Freedom New Mexico
With persistent deficits, soaring pension obligations and mounting bond debts, states like California could well benefit from the ability to restructure their finances through a bankruptcy procedure. Bankruptcy allows the debtor to work through an orderly and equitable settlement of obligations.
The idea has been gaining traction, with support from former House Speaker and newly announced presidential candidate Newt Gingrich and other scholars, such as David Skeel, a University of Pennsylvania Law School professor and author of “Debt’s Dominion: A History of Bankruptcy Law in America.”
There is no provision in federal bankruptcy law that allows for states to file. If this were changed, states could file bankruptcy, restructure debt and essentially limit some current obligations. It would also give states much more leverage during collective bargaining negotiations with employee unions and help provide a last resort for states so the federal government would not be inclined or obligated to consider state bailouts.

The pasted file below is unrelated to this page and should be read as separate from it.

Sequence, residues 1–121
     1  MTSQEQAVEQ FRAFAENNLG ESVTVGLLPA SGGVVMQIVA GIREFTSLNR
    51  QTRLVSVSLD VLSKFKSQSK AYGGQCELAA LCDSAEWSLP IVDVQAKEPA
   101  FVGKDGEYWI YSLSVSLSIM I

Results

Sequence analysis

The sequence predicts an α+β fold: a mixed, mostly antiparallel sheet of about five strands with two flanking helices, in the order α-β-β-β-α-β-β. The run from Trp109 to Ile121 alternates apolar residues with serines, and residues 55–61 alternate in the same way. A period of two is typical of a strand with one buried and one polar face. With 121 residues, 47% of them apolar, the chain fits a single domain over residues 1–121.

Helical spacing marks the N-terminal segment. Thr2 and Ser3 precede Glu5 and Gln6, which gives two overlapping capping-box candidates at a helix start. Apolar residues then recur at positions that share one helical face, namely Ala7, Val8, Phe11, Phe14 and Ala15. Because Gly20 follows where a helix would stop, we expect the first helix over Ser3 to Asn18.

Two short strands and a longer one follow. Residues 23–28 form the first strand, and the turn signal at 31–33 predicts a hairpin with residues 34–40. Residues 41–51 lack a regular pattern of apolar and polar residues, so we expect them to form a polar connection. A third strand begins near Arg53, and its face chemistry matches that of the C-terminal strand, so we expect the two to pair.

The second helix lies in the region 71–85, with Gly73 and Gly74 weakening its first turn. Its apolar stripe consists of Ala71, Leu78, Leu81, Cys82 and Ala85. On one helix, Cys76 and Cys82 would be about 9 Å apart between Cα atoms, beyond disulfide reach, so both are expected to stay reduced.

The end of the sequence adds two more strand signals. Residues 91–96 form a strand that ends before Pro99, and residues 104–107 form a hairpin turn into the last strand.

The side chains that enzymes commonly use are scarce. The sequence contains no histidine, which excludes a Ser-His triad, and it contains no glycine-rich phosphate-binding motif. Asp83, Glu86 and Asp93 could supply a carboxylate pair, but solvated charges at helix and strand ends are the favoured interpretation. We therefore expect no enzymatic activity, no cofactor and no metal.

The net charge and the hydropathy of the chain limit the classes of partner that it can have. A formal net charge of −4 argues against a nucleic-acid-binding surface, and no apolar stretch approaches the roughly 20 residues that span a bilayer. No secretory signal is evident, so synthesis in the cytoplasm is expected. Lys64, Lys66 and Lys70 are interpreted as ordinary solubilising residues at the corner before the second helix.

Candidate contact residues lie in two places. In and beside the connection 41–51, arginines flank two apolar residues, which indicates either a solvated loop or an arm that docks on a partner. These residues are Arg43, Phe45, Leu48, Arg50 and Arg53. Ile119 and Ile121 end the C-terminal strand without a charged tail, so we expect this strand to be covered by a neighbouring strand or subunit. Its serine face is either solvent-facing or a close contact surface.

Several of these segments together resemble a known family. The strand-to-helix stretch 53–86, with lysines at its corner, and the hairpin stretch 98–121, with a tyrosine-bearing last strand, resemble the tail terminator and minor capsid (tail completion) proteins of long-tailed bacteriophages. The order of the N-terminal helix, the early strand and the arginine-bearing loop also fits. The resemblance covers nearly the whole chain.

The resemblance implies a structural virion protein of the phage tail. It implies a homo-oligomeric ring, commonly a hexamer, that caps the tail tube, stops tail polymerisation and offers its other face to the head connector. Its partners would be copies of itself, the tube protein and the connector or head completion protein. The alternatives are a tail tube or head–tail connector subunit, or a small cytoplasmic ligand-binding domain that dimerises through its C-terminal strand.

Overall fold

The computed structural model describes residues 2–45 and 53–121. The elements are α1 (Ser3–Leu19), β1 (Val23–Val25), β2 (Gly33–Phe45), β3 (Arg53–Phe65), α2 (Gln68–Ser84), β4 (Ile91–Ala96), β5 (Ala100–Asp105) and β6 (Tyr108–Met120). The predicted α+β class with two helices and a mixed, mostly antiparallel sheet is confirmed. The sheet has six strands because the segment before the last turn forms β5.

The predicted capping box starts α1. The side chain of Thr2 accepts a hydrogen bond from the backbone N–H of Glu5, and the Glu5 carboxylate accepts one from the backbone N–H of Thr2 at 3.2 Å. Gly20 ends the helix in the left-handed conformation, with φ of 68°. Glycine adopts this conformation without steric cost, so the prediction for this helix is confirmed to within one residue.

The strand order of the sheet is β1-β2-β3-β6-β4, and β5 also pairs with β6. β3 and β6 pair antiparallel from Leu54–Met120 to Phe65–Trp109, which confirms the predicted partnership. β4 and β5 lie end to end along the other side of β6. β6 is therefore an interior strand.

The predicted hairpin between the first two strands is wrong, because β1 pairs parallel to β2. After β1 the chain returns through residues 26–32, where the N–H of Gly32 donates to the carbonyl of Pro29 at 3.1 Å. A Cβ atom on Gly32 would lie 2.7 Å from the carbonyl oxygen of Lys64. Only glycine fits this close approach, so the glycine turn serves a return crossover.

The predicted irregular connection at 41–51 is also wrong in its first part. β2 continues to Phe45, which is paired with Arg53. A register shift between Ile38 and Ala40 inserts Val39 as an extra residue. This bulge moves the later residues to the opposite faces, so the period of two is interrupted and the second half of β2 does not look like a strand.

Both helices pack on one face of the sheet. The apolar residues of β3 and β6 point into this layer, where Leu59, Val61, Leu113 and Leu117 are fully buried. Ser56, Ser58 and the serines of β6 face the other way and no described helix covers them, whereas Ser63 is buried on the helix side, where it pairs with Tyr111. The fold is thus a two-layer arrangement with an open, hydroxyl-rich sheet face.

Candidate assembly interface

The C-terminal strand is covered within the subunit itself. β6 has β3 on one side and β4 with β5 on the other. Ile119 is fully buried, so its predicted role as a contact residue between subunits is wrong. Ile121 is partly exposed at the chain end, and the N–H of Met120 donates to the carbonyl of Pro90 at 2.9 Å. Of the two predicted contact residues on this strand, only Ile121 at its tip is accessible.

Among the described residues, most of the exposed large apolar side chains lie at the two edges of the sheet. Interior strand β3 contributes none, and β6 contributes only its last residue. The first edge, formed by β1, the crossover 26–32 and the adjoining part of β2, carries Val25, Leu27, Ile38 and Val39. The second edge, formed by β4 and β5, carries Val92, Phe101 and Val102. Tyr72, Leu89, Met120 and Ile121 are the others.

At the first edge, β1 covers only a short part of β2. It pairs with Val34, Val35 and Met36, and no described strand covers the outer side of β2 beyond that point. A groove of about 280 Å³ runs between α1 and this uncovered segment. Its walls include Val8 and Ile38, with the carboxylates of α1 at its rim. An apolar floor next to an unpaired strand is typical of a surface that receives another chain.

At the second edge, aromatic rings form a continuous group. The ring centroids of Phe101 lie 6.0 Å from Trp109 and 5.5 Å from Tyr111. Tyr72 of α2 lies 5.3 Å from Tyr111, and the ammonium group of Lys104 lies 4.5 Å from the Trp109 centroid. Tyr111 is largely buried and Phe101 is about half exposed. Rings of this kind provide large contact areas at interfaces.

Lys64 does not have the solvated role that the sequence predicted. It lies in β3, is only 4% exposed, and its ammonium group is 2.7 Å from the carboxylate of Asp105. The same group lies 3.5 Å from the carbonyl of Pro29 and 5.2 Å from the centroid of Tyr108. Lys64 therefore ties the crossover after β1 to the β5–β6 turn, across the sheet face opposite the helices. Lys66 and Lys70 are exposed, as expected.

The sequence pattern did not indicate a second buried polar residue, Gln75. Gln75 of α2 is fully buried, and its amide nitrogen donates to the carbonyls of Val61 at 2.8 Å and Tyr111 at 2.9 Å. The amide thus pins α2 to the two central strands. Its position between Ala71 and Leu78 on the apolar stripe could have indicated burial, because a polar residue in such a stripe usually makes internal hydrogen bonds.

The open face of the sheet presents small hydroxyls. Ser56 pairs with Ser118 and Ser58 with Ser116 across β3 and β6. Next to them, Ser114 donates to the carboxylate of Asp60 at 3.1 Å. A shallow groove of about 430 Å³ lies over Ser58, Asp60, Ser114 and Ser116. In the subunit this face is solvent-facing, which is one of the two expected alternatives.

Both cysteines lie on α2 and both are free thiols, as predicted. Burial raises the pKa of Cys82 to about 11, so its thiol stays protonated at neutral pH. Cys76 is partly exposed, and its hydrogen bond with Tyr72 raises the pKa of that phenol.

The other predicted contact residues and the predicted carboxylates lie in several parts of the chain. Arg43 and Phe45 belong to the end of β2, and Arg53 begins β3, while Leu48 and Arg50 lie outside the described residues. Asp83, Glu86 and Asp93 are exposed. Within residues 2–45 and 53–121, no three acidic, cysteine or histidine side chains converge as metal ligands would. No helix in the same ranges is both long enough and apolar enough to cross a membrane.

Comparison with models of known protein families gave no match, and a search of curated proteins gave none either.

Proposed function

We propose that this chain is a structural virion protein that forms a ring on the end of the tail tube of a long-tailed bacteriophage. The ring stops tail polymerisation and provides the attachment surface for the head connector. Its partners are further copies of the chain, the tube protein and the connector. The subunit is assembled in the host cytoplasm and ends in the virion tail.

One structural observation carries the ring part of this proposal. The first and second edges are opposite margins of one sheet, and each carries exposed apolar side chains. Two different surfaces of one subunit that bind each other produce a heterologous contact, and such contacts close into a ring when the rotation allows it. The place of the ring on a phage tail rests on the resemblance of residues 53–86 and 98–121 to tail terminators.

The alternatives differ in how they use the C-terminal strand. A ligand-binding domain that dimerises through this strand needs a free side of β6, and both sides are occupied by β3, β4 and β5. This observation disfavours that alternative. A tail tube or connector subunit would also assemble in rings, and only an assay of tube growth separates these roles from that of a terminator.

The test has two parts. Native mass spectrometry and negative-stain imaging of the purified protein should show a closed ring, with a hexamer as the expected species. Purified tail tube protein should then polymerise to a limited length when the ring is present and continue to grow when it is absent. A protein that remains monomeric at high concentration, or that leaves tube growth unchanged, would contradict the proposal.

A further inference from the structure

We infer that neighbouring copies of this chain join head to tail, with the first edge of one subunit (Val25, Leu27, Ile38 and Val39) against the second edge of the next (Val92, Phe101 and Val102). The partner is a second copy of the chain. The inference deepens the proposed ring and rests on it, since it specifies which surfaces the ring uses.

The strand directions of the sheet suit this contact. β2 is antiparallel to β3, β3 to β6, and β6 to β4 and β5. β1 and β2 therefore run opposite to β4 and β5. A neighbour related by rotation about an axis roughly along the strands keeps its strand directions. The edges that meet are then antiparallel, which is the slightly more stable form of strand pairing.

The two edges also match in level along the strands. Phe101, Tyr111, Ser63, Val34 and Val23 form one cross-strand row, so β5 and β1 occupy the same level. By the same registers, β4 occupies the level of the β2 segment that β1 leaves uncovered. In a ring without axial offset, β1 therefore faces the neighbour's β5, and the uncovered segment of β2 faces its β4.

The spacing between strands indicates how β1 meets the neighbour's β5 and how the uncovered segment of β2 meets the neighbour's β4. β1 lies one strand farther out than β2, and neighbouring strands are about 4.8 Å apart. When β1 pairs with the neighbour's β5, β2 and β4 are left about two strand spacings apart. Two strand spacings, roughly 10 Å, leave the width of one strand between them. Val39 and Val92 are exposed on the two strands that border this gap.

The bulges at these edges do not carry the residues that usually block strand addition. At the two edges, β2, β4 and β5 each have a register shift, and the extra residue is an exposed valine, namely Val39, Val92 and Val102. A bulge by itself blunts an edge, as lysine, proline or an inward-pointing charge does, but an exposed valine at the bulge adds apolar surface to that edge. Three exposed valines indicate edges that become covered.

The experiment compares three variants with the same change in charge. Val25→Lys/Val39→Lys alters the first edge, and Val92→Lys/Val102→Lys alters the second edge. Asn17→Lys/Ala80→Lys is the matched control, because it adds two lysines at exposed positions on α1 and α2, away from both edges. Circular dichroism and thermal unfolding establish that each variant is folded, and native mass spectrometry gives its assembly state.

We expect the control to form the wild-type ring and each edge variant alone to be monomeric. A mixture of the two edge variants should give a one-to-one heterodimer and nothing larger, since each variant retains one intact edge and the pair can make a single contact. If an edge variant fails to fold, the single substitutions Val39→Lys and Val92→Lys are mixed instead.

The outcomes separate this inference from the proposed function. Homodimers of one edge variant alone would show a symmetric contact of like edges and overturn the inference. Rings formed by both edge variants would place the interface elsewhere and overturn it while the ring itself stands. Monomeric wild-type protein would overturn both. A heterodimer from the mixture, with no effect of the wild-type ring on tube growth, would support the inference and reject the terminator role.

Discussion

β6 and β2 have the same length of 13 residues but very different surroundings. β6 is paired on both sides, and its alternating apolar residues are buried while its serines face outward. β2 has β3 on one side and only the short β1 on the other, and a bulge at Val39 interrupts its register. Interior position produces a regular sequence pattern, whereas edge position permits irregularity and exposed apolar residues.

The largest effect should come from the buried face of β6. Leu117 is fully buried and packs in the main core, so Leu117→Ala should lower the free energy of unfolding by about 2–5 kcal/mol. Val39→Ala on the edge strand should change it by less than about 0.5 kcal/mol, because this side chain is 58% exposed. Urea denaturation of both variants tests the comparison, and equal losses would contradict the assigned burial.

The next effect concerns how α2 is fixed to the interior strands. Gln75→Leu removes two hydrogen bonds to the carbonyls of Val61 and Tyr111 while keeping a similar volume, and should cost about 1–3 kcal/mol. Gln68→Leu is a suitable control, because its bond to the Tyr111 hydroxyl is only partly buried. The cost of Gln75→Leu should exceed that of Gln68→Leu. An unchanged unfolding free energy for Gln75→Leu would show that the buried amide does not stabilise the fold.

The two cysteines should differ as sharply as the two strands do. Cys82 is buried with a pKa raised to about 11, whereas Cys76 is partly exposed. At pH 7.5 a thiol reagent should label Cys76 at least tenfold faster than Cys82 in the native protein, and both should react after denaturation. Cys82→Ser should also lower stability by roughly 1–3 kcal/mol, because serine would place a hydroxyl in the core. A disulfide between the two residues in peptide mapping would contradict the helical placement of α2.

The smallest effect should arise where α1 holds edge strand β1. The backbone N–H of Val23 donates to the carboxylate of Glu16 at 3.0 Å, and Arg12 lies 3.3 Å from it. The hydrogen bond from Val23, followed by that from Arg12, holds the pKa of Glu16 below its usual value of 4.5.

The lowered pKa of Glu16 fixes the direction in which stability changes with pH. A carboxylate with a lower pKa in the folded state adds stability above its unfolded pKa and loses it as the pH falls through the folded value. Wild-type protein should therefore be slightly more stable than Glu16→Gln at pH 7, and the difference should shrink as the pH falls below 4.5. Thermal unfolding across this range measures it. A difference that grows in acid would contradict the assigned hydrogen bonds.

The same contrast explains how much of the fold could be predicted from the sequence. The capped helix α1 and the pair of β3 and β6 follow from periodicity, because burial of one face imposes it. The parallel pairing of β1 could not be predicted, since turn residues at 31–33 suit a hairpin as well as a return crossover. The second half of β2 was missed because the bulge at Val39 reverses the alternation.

Not everyone is convinced, however. A Los Angeles Times editorial Tuesday said that state officials already “have the tools they need” to put their fiscal houses in order. The remedy: “painful spending cuts and unwelcome tax increases.” But those approaches haven’t faired well in recent years, and even so, fail to address current realties. The Times suggests an adequate fix would result from requiring current workers to contribute a larger share to their pensions and changing pensions offered new hires.
We’re not so sure. Less-generous retirement benefits help (but only slightly, depending on the details) lower the costs of future employees, and pension obligations to current employees are so high that nothing short of having employees paying 50 percent of their retirement costs will have an impact, pension experts tell us.
Faced with today’s budget realities, states need more tools to allow them to be flexible and that will help lower costs in the short term as well as down the road. The ability to file bankruptcy could be such a tool.